Study Guide

A Thousand Splendid Suns Power

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Part 3

"You try this again and I will find you. […] And, when I do, there isn't a court in this godforsaken country that will hold me accountable for what I will do." (3.36.147)

Rasheed holds a frightening amount of power over Laila. This wouldn't be possible, however, if the government at large didn't support his right to do so. Laila is unable to escape because there simply isn't anyplace to go.

"No matter. The point is, I am your husband now, and it falls on me to guard not only your honor but ours, yes, our nang and namoos. That is the husband's burden. You let me worry about that." (3.31.11)

This is a classic psychological power move from Rasheed. First, he ties Laila's honor with his. Then, he claims that it is his responsibility to guard their honor. In a few words, he's effectively taken ownership over Laila as a person.

Rasheed didn't say anything. And, really, what could be said, what needed saying when you'd shoved the barrel of your gun into your wife's mouth? (3.40.56)

When push comes to shove, power is simply about violence. Rasheed tries every trick in the book to break Laila's spirit, but each times, he fails. In this book, violence is always used to oppress the defenseless.

"Well, one does not drive a Volga and a Benz in the same manner. That would be foolish, wouldn't it?" (3.31.12)

This sounds like a bad pick-up line, but it's really just straight up manipulative. By insulting Mariam and praising Laila, he's pitting the two against each other. That leaves them in conflict, while he takes control of both of them without resistance.

"God has made us differently, you women and us men. Our brains are different. […] This is why we require only one male witness but two female ones." (3.47.21)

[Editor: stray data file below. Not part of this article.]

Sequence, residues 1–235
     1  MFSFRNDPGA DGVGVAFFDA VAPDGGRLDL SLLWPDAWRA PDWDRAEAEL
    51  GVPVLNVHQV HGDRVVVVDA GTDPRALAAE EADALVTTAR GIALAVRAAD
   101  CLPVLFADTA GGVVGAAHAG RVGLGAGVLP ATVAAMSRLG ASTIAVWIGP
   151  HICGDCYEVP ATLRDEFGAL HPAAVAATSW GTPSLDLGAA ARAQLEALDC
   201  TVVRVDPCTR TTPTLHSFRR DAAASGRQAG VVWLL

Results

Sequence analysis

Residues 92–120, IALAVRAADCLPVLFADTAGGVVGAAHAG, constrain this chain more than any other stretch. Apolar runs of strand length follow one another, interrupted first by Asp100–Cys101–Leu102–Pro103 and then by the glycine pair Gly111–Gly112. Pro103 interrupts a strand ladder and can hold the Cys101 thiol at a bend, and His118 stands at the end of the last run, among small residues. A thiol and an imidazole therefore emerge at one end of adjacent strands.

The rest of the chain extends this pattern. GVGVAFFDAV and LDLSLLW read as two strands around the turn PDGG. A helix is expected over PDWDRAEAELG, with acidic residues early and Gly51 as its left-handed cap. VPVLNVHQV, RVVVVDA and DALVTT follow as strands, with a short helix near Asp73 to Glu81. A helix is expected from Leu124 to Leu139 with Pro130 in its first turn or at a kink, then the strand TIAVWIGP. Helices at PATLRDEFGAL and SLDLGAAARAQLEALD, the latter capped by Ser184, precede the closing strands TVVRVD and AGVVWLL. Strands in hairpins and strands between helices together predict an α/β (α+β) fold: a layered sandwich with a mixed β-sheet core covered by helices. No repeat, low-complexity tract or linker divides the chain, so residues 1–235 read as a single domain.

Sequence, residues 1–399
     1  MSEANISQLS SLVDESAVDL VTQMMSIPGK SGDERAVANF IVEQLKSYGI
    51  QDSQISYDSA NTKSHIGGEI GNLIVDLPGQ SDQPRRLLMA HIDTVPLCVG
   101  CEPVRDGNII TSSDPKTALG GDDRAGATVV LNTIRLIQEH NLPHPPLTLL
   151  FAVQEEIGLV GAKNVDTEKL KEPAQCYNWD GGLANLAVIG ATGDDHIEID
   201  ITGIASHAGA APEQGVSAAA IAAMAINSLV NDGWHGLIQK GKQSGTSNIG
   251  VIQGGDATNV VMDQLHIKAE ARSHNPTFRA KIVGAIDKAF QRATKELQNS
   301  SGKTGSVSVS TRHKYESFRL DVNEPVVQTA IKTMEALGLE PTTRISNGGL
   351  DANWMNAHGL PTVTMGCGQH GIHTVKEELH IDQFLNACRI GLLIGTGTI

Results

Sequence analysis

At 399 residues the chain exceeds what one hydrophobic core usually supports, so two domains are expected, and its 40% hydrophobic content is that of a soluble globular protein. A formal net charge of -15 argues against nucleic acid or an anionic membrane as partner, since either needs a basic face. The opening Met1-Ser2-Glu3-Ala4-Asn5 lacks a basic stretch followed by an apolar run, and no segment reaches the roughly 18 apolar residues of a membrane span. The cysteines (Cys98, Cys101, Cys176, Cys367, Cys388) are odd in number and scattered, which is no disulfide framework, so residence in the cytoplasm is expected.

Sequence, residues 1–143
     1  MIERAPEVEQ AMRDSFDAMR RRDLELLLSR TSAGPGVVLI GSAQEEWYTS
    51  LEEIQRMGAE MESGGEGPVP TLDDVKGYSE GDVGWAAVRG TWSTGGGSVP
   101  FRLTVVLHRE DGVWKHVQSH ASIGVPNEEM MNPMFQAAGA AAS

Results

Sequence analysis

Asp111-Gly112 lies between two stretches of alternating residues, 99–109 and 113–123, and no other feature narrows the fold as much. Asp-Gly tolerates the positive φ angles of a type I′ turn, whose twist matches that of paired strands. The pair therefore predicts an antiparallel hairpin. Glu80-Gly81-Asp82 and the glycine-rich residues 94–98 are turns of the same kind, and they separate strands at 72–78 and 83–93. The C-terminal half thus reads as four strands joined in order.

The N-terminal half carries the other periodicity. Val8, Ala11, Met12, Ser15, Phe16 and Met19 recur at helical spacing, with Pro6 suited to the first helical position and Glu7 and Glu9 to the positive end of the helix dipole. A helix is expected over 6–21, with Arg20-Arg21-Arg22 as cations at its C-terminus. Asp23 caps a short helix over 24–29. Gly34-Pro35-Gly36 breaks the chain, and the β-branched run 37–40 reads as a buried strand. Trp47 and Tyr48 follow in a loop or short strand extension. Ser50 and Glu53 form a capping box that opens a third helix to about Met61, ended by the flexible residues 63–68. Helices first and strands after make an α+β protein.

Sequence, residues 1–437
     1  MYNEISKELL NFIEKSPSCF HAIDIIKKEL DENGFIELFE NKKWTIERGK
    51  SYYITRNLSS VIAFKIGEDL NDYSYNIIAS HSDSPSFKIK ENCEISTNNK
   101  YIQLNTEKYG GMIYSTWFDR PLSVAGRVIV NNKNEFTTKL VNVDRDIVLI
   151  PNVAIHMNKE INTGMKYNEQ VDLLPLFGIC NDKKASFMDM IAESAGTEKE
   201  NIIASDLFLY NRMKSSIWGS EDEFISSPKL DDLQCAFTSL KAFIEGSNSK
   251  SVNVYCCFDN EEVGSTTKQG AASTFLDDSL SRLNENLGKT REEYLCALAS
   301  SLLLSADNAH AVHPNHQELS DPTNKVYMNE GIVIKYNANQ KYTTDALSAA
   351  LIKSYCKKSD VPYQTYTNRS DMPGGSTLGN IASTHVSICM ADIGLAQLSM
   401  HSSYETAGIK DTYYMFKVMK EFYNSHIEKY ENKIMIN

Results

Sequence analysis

Think about this regulation: it's saying that women are half-people. As we've seen throughout history, the powerful dehumanize their victims in order to break their morale. The Taliban is no different.

"They want us to operate in burqa," the doctor explained, motioning with her head to the nurse at the door. "She keeps watch. She sees them coming; I cover." (3.39.77)

Here we see the jaded response of a woman who has been abused by power her entire life. Her resoluteness in the face of oppression is at once an inspiration, as well as a condemnation of the Taliban's ridiculous regulations.

Marco Polo Restaurant, near Chicken Street, had been turned into an interrogation center. Sometimes screaming was heard from behind its black-painted windows. (3.38.3)

The image of a restaurant being used as an interrogation chamber might make you chuckle at first, but the reality is far more frightening. The citizens of Kabul must live in fear of being randomly grabbed for a minor infraction and then being brutally tortured.

"It's a matter of qanoon, hamshira, a matter of law," Rahman said, injecting his voice with a grave, self-important tone. "It is my responsibility, you see, to maintain order." (3.36.99)

Sometimes power isn't flashy. The police officer, Rahman, probably thinks he is doing the right thing by upholding the law. But in reality, he's simply using his position of power to give himself a little ego boost.

Mariam had heard about the announcement, in January of that year, that men and women would be seen in different hospitals, that all female staff would be discharged from Kabul's hospitals and sent to work in one central facility. (3.39.7)

This absurd rule embodies the Taliban's abuse of power. The Taliban are so obsessed with wielding their authority over women that they relegate all of their female citizens to an understaffed and under-resourced facility. It's practically a death sentence.

It was the raids. […] Sometimes monthly raids, sometimes weekly. Of late, almost daily. Mostly, the Taliban confiscated stuff, gave a kick to someone's rear, whacked the back of a head or two. But sometimes there were public beatings, lashings of soles and palms. (3.40.57)

Power is often achieved through public shaming. The Taliban use their ban on media to make people fear their power. Better yet, by making people afraid of them, they gain even greater control.

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